Patrick Pearse was the Chairman of the Provisional Government, set up during the Rising and the first man to be executed in its aftermath.


In my view the British lost the right to rule Ireland, even if things had begun to improve. It is important to point out that a Home Rule Bill which would have enable limited self government in Ireland was passed in 1914, despite a mutiny by the British Army who were reluctant to enforce it and an uprising by northern loyalists who imported 100,000 rifles from Germany to resist Home rule. The outbreak of World War One postponed the enactment of the bill and it was at this stage that the Irish Republican Brotherhood said no, no thanks. After centuries of brutal oppression and decades of excruciatingly slow and painful reforms the men and women who planned the 1916 Rising made it clear that we do not want limited self government because we are not British, we are Irish and we want our national independence. The Irish, like all people anywhere, like the people of the Arab World today, were entitled to fight for their freedom. Total independence from Britain was a perfectly legitimate aspiration and it is right today that it remain a source of national pride.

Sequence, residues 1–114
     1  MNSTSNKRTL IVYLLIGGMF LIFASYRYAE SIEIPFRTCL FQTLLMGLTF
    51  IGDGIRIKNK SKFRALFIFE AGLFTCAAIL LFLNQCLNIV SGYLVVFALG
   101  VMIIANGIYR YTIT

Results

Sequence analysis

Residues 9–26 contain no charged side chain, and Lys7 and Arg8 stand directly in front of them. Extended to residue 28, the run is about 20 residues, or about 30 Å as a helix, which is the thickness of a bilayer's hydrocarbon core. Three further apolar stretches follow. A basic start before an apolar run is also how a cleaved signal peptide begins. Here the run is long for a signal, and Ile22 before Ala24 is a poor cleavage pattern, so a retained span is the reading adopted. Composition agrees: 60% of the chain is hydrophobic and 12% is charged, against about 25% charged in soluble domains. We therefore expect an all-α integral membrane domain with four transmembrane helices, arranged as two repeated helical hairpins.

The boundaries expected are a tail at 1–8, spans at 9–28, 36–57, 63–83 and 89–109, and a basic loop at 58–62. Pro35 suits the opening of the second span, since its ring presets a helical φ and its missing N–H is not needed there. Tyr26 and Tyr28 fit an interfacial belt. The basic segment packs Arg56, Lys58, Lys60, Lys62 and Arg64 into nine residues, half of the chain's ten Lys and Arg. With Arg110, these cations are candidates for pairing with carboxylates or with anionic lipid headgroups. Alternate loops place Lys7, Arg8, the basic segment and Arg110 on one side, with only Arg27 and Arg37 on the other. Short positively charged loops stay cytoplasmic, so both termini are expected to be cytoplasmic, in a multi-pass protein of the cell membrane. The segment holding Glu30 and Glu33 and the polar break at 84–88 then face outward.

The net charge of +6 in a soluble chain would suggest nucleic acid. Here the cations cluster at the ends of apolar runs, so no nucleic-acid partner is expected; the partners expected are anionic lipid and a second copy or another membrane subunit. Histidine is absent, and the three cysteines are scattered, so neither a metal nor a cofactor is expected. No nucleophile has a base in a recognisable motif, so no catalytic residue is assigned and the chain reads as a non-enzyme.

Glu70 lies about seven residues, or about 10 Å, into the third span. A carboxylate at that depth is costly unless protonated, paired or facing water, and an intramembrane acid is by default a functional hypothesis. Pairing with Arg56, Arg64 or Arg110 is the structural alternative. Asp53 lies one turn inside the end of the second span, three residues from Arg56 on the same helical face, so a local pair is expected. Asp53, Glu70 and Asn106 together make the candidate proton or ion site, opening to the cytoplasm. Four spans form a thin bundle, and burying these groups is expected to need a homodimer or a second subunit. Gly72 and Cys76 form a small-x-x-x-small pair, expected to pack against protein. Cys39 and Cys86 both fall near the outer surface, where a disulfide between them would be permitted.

The intense fires on O'Connel street could be seen from 30 miles away.

What of the dissidents who have so recently committed murder and have threatened to disrupt the Royal Wedding and the upcoming visit of the Queen. Should we disconnect ourselves with the Rising for their sakes. No, because the abuse and misinterpretation of the Rising by dissidents is their problem, not ours. Look at it this way. The BNP in Britain, a racist organisation that condones violence against immigrants, constantly invoke images of the Second World War such as the spitfire or Winston Churchill as a source of British national pride. It's not the second World War that's the problem, it's the BNP. Urging the mainstream to change to discourage extremists is about as logical as saying that we should confront organised crime by preventing people from becoming rich and therefore eliminating greed.

The back of the GPO, as seen from Henry Street.